Reading headlines, it might surprise some that the United States is not the only country with serious voting technology challenges. In fact, recent years have seen issues in India, Africa, and Latin America; technical experts have examined some of those systems and found them lacking. Today, I’m pleased to report that The Sentry – an NGO that works to prevent genocide and mass atrocities in Africa – released a detailed analysis (full report PDF) of the new system slated for use in the upcoming elections in the Democratic Republic of the Congo (DRC). The Sentry worked with Argentinian security researchers Javier Smaldone (@mis2centavos) and Alfredo Ortega (@ortegaalfredo) and myself to examine what little public information is available about this system. The verdict is not good.
The Democratic Republic of Congo will hold postponed elections in December, a spokesman for the ruling coalition said in a bid to allay fears of more of the delays that have previously sparked fatal protests. “No other solution is possible in the current electoral process except the organization in December 2018 of presidential, national and provincial elections,” the Presidential Majority’s Andre-Alain Atundu told reporters Thursday. There’s “abundant proof” of President Joseph Kabila’s determination to hold the polls, Atundu said, pointing to the government financing the electoral commission’s preparations. Elections were supposed to take place before the end of Kabila’s second term in December 2016, but the vote wasn’t organized in time. The president remained in office despite the two-term limit in Congo’s constitution, sparking protests in which many were killed by security forces. The central African nation, which gained independence from Belgium almost six decades ago, has never had a peaceful transfer of power.
Congo: Violence is roiling the Democratic Republic of Congo. Some say it’s a strategy to keep the president in power | Los Angeles Times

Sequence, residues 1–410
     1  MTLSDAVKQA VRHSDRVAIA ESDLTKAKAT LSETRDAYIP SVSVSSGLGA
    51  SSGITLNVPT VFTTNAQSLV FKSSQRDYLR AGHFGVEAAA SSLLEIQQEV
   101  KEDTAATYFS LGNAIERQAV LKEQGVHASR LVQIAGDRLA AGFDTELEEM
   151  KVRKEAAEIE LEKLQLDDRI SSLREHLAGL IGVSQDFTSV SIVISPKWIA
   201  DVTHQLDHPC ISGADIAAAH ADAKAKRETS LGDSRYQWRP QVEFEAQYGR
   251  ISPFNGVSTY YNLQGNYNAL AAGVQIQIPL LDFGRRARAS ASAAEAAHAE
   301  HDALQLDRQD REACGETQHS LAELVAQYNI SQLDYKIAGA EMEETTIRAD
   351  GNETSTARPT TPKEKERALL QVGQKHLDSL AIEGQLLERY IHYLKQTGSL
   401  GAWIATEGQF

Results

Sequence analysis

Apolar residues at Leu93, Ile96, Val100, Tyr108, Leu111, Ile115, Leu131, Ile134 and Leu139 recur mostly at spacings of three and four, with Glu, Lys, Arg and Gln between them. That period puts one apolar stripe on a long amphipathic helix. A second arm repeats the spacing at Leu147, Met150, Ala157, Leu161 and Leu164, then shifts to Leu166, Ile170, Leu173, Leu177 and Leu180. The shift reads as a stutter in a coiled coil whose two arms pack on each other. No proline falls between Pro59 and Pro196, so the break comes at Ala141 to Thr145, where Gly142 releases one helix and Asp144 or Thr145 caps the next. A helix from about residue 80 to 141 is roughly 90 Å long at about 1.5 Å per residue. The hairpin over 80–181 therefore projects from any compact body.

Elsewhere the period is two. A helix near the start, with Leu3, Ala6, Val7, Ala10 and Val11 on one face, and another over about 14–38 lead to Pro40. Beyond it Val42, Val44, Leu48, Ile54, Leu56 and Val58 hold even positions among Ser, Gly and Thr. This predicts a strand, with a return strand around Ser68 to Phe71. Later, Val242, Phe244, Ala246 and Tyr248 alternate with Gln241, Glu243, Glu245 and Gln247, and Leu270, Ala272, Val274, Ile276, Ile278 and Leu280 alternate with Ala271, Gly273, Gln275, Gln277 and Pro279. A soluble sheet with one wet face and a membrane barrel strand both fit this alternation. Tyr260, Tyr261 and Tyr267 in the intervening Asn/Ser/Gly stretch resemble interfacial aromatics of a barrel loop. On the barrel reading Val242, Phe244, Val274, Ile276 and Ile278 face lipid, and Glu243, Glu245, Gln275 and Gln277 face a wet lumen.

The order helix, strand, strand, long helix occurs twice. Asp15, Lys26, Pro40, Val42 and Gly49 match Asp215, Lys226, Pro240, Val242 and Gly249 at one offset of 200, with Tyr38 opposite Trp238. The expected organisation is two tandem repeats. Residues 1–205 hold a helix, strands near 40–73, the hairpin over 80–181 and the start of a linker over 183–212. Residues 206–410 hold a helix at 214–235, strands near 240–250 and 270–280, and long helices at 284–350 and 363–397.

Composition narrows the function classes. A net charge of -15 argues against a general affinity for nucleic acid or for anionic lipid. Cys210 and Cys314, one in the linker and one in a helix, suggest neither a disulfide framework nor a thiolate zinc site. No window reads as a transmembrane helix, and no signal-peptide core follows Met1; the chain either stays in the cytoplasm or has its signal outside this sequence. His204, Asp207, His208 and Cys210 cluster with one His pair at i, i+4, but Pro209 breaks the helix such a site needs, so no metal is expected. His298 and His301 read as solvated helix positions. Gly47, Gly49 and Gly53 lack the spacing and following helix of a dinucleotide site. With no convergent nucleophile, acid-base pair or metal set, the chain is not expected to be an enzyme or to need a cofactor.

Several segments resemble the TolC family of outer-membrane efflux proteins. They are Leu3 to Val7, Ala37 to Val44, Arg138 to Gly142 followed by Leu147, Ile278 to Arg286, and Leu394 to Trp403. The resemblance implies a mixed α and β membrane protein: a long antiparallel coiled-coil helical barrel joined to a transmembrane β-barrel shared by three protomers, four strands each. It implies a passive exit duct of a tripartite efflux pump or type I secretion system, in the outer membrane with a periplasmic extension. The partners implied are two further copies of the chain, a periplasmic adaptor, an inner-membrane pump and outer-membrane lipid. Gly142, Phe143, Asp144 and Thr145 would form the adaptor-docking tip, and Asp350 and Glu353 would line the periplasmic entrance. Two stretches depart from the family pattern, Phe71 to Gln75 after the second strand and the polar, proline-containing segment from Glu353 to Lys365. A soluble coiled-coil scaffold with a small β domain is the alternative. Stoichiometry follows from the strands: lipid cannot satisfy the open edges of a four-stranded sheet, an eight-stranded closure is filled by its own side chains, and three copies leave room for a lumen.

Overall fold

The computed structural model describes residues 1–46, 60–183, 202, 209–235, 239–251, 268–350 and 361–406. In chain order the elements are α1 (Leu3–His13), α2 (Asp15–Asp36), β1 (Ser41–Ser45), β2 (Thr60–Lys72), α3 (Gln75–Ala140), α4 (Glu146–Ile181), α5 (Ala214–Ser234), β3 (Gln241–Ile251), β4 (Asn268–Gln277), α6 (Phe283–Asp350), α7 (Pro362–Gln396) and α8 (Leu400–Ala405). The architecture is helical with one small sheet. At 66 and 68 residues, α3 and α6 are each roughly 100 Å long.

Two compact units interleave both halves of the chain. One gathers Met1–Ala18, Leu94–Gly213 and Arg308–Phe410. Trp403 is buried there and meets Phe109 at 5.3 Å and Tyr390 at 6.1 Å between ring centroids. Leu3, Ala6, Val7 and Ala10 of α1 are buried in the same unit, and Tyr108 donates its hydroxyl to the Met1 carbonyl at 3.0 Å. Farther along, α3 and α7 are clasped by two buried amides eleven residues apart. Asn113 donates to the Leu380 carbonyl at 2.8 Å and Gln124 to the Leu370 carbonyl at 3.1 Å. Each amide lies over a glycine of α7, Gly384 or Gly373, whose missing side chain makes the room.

In a fog of tear gas, a priest in the Congolese capital drags a woman to safety after she was shot. In the churchyard. By the police. About a thousand miles away in the Ituri region, on the other side of the Democratic Republic of Congo, people fleeing a massacre climb out of boats and wade ashore, their homes burned to the ground, their dead unburied. And 700 miles from there, in the Kasai region, the United Nations discovers 80 mass graves, then blames government soldiers for most of the deaths. It is easy to see these recent scenes as unrelated incidents in the panoramic chaos of a vast and troubled nation spinning out of control. But there is another theory: The events are part of a plan.
Congolese opposition groups rounded Wednesday on the country’s electoral commission and its insistence that a long-awaited presidential vote in the vast African nation must be conducted using electronic voting machines. “Democratic Republic of Congo’s political opposition expresses its profound concern over the casual attitude of the national electoral commission (CENI) in managing the election process,” representatives of five parties said in a rare joint statement from Kinshasa. DR Congo’s long-delayed elections are slated for December 23 but there are fears of mounting unrest and organisers have already encountered a slew of logistical problems — including “millions” of duplicate names on voting registers — organising the vote in the vast, mineral-rich nation.
South Korea’s government has officially distanced itself from a firm providing electronic voting machines to the Democratic Republic of Congo (DRC), where tensions are running high ahead of a presidential poll in December. In an email sent to AFP on Tuesday, the South Korean embassy in Kinshasa spelt out what it called the government’s “official position,” expressing concern the contract could become embroiled in DRC’s political crisis. Use of the machines “could give the Congolese government a pretext for undesirable results related to the elections, notably a further delay in holding the elections,” said the statement, in French. The vote due in the vast and troubled central African country on December 23 has been twice postponed since 2016, and some analysts fear an explosion of violence if the poll is delayed again.